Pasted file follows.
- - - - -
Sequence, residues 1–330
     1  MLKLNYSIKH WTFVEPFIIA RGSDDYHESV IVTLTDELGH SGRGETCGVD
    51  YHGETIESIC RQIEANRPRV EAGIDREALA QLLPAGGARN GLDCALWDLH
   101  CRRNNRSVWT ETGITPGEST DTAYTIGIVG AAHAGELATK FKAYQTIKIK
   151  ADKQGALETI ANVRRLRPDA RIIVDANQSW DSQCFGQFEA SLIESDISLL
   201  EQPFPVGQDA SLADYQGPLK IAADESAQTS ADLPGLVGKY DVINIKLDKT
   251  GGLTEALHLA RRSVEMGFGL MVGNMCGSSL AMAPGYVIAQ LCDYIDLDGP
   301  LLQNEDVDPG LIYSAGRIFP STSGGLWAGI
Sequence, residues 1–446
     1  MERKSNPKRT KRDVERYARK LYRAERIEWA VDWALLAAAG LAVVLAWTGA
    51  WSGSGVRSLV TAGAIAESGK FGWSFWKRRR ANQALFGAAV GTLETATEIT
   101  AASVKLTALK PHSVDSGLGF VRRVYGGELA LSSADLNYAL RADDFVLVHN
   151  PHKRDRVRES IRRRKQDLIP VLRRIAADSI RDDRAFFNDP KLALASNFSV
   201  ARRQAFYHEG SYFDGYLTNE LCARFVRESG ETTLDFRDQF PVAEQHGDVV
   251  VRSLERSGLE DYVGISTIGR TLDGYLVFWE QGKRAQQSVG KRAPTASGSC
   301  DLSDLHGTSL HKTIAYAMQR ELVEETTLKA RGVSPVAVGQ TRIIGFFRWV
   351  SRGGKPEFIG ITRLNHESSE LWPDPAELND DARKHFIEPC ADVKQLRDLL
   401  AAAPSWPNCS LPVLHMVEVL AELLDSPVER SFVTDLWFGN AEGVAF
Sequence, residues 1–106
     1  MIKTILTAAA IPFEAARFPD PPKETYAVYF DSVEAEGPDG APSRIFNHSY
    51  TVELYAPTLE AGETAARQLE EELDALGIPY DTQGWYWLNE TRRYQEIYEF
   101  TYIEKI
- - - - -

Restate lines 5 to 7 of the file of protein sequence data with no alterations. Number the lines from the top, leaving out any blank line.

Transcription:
   151  ADKQGALETI ANVRRLRPDA RIIVDANQSW DSQCFGQFEA SLIESDISLL
   201  EQPFPVGQDA SLADYQGPLK IAADESAQTS ADLPGLVGKY DVINIKLDKT
   251  GGLTEALHLA RRSVEMGFGL MVGNMCGSSL AMAPGYVIAQ LCDYIDLDGP